Senior Program Officer, National Democratic Institute, Liberia
Getting the News Out/Managing Expectations, Reducing Divisive Effects of Competition, Elections
Management of poll workers, Election Security
media relations, monitoring, electoral management body, election observers, communications, enfranchising marginalized groups, rural voter registration, voter education, voter registration, staff performance, training, polling supplies
Tue Aug 12 2008
Thomas Du, senior program officer at the National Democratic Institute in Liberia, explains his organization’s charge to facilitate the country’s transition to democracy by working closely with civil society and by engaging constructively with the government. Du recounts the history of party politics in Liberia, highlighting the racial divisions between dark-skinned natives and lighter-skinned repatriated American settlers, long periods of military rule and rigged elections. Parties proliferated as vehicles for individuals to attain power rather than on ideological grounds while significant portions of the population like youth, illiterates, and unskilled workers were neglected. Du explains the National Election Commission’s choice to be inclusive rather than strict in enforcing all electoral rules that would bar some people and parties from the process. He discusses the weak role of the media in the country and the difficulty of getting appropriate materials to illiterate voters. He touches on some different motivations that may have affected voters’ choices in the 2005 election as they determined what kind of leader they wanted to steer them through the democratic transition safely. Du emphasizes the importance of opening up the process by allowing multiple parties and media sources access to the political arena, while avoiding crowding the field with too many parties or news sources. He endorses developing and implementing rules for interparty competition, defining the roles of different stakeholders, and finding a way for parties to effectively disseminate their ideas to voters. Du analyzes election monitoring in the 2005 election and champions domestic monitoring of elections throughout the full election cycle to establish ownership of the process. Looking toward future elections, he calls for the involvement of youth and women in civic culture and the cultivation of future leaders.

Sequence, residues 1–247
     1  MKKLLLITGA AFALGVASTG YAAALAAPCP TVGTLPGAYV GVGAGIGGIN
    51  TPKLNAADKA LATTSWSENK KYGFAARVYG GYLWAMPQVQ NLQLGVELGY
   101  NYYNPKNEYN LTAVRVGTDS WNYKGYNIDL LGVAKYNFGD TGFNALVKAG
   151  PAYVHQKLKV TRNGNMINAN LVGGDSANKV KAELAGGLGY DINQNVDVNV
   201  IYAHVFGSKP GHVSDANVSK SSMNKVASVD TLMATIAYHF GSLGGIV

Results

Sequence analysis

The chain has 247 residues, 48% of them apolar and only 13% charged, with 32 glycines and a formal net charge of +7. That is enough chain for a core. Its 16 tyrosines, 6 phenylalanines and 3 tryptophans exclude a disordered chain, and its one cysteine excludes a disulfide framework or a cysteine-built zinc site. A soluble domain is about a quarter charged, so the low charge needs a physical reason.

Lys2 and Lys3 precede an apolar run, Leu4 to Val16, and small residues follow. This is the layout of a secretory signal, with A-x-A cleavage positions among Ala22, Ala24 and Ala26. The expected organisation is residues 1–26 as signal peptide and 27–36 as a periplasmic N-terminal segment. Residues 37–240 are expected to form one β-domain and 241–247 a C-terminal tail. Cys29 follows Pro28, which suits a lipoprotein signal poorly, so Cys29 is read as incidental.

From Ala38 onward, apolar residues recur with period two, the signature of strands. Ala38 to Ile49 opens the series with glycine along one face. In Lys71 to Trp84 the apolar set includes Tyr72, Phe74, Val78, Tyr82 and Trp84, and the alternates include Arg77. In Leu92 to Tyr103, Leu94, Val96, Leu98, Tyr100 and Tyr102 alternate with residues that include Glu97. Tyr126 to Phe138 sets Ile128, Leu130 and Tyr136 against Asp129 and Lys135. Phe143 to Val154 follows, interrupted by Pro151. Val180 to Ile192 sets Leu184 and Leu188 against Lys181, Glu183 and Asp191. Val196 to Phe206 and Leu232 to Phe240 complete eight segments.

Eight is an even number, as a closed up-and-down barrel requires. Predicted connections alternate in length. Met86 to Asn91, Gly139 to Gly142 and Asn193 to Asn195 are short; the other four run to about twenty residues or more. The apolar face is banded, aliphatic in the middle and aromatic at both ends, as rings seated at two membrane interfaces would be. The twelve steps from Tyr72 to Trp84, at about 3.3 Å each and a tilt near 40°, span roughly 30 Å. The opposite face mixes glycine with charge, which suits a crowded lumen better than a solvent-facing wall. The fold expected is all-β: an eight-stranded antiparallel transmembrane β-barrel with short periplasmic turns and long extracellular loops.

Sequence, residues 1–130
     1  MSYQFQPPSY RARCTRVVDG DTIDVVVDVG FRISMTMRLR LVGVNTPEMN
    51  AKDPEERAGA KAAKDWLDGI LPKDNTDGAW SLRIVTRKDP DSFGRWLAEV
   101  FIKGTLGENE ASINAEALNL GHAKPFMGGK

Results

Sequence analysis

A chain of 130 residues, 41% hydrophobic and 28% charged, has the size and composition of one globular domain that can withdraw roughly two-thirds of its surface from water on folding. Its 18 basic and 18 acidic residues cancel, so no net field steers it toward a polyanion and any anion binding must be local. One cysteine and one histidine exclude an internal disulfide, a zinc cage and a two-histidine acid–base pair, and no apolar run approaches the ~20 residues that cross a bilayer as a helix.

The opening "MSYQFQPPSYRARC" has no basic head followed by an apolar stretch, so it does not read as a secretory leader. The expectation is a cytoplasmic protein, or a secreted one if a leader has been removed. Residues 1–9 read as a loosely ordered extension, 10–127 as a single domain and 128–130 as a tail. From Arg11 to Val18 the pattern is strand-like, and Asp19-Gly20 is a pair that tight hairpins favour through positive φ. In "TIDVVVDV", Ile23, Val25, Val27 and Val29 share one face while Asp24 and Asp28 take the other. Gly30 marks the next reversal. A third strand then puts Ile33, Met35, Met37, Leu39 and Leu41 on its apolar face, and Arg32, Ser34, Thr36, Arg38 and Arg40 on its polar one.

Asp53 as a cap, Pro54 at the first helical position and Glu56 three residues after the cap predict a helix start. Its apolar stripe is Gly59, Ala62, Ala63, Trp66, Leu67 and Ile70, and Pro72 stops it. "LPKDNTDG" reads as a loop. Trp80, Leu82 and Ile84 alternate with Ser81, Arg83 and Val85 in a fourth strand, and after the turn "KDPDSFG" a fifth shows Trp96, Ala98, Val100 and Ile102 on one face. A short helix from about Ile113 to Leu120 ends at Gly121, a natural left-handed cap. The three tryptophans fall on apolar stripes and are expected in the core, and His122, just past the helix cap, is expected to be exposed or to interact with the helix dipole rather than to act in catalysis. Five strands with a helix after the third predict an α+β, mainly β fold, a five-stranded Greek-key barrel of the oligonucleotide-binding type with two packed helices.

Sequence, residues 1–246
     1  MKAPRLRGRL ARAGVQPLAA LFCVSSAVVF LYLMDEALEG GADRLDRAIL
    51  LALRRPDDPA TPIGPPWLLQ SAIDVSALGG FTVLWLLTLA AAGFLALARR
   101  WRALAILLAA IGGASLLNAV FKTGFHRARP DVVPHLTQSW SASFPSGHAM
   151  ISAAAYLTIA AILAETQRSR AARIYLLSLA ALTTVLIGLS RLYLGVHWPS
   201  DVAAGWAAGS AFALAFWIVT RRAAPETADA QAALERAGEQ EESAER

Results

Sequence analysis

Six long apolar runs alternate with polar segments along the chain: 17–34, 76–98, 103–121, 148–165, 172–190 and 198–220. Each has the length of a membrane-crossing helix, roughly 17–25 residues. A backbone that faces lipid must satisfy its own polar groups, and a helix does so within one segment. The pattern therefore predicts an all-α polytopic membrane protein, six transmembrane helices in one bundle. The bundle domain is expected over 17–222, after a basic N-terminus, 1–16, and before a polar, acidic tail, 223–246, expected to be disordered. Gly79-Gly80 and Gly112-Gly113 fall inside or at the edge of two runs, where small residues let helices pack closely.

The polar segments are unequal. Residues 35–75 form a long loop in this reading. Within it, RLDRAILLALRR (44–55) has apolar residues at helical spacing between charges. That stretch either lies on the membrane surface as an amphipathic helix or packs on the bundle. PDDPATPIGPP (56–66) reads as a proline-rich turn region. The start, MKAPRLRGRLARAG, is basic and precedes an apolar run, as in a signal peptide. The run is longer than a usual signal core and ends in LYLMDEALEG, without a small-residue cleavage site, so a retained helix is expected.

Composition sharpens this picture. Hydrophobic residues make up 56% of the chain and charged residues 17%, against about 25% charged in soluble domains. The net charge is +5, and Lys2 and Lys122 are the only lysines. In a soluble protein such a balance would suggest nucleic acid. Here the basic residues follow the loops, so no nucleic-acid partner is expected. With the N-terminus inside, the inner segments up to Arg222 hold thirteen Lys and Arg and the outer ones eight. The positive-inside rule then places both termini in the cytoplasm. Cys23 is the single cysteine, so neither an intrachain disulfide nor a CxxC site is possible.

At the time of this interview, Thomas Du was the senior program officer at the National Democratic Institute in Liberia. His work at the institute supported the development of civil service infrastructure to assist in building democratic institutions in Liberia. He also studied the successes and failures of these techniques as a means of improvement.